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For Immediate Release: February 1, 2012
Contact: Mya Nelson, m.nelson@aicr.org, 202-328-7744 x3047

Number of US Cancer Cases Expected to Rise 55 Percent Higher by 2030 …

… But Healthy Changes Today Could Prevent Over 740,000 Cancers Tomorrow

WASHINGTON, DC – First, the bad news: The number of new cancer cases that occur in the US each year is expected to surge as the population grows and ages; by the year 2030, that number will be over 50 percent higher than it is now. The good news, say experts at the American Institute for Cancer Research (AICR), is that this figure can be significantly reduced if Americans start making healthy changes today.

In 2008, there were 1,437,199 new cancer cases in the US. It is estimated that 2,220,692 new cases of cancer will occur in the US in the year 2030 – a 55 percent increase. (Mexico will experience a 52 percent increase by 2030, Canada will experience a 66 percent increase.)

AICR is announcing these figures to mark World Cancer Day on February 4 and draw attention to the rising burden of cancer. But the cancer research organization is also taking the opportunity to highlight its estimate that about one-third of the most common cancers could be prevented through eating a healthy diet, being physically active and keeping off excess weight.

In other words, over 740,000 of those predicted 2,220,692 cancers don't have to happen.

"We know that the US population will grow, and grow older, by 2030. We also know that cancer becomes more common as we age, but it's not inevitable," said AICR Registered Dietitian Alice Bender.

"The key is aging healthfully. By eating smart, moving more and keeping weight off as we age, we can lower our risk for many cancers.

"The message is clear: The time to take action is right now. The small, everyday healthy changes we make today will mean fewer cancers tomorrow."

The 2030 estimate is based on World Health Organization data regarding population growth, age and cancer incidence, and does not take into account changes in lifestyle habits.

World Cancer Day is February 4th

World Cancer Day seeks to focus attention on the global cancer epidemic through the Union for International Cancer Control (UICC) and its members around the world.

"World Cancer Day provides an opportunity to raise people's awareness about the ways they can change their lifestyles to reduce their risk of cancer," said Marilyn Gentry, President of AICR and the World Cancer Fund global network. "This is vital if we are to reach the target of reducing deaths from cancer and other non-communicable diseases by 25 per cent by 2025 &nd a goal that the World Health Organization believes is achievable."

Dierdre McGinley-Geiser, AICR Vice-President for Programs, added: "World Cancer Day also allows us to focus attention on governments to call on them to do more to tackle the risk factors common to cancer and other non-communicable diseases such as heart disease and diabetes.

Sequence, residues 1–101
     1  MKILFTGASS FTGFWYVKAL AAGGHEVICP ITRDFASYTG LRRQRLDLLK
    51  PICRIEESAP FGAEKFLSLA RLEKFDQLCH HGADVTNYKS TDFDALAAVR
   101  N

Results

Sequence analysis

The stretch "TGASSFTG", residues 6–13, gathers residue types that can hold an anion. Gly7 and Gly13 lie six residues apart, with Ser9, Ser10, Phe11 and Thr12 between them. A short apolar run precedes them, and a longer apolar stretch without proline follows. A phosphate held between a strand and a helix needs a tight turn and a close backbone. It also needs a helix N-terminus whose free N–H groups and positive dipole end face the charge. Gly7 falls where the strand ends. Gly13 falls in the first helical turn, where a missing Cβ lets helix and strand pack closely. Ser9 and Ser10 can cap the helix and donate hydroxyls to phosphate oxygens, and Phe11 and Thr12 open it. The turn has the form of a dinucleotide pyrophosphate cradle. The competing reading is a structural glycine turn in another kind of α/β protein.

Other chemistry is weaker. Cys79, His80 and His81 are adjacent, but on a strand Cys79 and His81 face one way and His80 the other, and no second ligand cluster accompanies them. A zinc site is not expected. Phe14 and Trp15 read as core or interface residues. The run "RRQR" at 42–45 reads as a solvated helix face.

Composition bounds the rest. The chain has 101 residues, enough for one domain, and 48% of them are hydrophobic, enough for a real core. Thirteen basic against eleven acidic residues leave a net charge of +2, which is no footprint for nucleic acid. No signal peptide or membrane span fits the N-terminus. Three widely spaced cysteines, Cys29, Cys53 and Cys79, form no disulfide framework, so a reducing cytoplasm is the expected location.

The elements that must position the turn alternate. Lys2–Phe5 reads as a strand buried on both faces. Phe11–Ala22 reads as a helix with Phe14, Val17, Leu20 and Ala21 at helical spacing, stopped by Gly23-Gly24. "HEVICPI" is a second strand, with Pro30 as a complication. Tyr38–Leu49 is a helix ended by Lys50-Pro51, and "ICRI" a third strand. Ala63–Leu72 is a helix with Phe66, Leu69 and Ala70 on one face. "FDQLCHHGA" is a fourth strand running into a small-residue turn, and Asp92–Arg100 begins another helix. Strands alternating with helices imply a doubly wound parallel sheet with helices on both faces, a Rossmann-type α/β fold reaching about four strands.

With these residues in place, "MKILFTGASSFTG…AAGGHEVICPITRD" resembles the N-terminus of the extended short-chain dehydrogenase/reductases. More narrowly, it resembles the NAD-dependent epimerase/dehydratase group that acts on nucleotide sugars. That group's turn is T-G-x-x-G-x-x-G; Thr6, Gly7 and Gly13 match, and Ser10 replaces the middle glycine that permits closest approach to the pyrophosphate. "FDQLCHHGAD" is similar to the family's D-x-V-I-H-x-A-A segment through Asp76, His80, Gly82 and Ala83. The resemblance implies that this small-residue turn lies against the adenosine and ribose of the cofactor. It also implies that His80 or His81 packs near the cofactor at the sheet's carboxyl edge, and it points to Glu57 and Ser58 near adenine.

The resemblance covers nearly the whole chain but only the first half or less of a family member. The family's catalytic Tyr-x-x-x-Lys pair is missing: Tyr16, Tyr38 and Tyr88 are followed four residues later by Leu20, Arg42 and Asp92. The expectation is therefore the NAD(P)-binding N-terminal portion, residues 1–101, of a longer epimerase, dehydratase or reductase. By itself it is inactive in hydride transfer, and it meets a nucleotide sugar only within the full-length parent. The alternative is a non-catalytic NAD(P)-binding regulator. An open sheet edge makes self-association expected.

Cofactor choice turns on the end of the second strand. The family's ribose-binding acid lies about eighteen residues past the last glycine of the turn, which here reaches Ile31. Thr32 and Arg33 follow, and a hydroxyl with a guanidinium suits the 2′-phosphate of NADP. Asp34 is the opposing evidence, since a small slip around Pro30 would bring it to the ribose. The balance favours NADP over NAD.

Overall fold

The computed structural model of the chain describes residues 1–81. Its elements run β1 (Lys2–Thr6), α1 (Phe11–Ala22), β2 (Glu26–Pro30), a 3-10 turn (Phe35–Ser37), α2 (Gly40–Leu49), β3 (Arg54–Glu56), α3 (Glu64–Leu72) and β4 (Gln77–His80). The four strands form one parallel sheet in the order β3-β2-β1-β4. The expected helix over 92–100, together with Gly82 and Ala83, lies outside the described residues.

"Measures to reduce the fat, sugar and salt content of food and drinks, and to improve the opportunities for physical activity – these are the type of developments we need, which will help cut these predictions of future cancer cases even further."

Notes to Editors

  • Figures from GLOBOCAN 2008 v1.2, Cancer Incidence and Mortality Worldwide: IARC CancerBase No. 10 [Internet]. Lyon, France: International Agency for Research on Cancer (IARC); 2010. Available from: http://globocan.iarc.fr/ (Click on PREDICTION for the cancer case estimation tool.) Accessed on 1/31/12.
  • IARC is a subsidiary body of the World Health Organization.
  • Cancer Day is held on February 4, focusing on prevention. The day's slogan is 'Together it is Possible'. More information at: http://www.worldcancerday.org/
  • Read more about what AICR and the WCRF global network are doing to support World Cancer Day at: http://www.aicr.org/about/world-cancer-day-home.html


The American Institute for Cancer Research (AICR) is the cancer charity that fosters research on the relationship of nutrition, physical activity and weight management to cancer risk, interprets the scientific literature and educates the public about the results. It has contributed more than $95 million for innovative research conducted at universities, hospitals and research centers across the country. AICR has published two landmark reports that interpret the accumulated research in the field, and is committed to a process of continuous review. AICR also provides a wide range of educational programs to help millions of Americans learn to make dietary changes for lower cancer risk. Its award-winning New American Plate program is presented in brochures, seminars and on its website, www.aicr.org. AICR is a member of the World Cancer Research Fund International.

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